Several years ago Oprah Winfrey asked Tiger Woods what he would say to people who say that when they look him they see a black man. The issue was that some African Americans objected to Woods’ contention that he was multiracial, Cablinasian, which reflected the fact that he was ancestrally 1/2 Asian, 1/4 African, 1/8 European and 1/8 Native American. Woods is also a Therevada Buddhist by religion, taking after his Thai nationality (though mixed-race) mother, so one can argue he is quite Asian culturally. I know many people who frankly disagree with Winfrey’s assessment, that is, that Woods looks “like a black man.” Some Asian Americans have stated that “from the eyes down” he looks Asian, and frankly I can see that. Tiger Woods’ hair reflects his mixed ancestry, and it is neither straight nor kinky, but curly (he cuts it short enough that this doesn’t manifest normally, but I know people who played golf with him when he was a teenager and they attest to this). Some of my friends in college who were Asian American activists quite loudly would proclaim that Tiger Woods “looks Asian” when the topic came up.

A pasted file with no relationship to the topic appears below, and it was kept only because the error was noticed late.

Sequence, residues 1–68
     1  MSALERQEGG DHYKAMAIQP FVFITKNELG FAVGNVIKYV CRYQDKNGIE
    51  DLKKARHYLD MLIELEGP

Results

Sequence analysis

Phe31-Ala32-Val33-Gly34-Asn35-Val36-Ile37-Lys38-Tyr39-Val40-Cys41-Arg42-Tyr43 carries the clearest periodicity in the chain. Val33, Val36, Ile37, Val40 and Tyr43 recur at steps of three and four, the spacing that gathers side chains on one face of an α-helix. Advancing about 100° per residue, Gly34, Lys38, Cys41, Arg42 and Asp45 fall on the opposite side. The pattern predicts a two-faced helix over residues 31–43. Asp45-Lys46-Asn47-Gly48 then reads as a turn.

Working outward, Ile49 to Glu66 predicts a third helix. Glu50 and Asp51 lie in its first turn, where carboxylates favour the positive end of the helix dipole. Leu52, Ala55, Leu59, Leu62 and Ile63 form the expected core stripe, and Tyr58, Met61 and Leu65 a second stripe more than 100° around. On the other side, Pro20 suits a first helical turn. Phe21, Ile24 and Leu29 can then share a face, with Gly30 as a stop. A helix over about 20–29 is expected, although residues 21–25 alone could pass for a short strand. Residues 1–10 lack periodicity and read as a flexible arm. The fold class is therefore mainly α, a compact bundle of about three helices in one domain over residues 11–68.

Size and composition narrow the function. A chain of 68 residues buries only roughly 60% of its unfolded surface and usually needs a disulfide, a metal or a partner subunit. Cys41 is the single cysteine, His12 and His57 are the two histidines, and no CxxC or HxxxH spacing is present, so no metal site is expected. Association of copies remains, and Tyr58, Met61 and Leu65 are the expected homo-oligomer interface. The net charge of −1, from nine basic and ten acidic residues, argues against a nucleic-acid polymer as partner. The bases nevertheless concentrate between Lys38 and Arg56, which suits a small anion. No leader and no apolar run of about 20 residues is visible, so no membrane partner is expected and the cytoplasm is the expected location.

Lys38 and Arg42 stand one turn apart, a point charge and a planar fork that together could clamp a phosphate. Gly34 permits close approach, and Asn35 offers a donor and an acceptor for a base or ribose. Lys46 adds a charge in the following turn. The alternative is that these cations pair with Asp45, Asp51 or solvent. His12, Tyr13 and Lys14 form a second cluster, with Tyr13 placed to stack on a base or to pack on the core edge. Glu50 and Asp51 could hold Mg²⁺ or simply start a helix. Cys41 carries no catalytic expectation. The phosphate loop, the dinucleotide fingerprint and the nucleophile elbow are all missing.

Does Tiger Woods look Asian? Does he look like a “black man”? I am posting on this because of some responses below which asked how it was that mixed-race children can so favor one race. But to start out with I need to offer that perceptions of race are as much a matter of psychology and culture as they are of genetics. I bring up Tiger Woods because black Americans and Asian Americans might have radically different viewpoints about what race he looks like, showing that where you start from shapes where you end up at.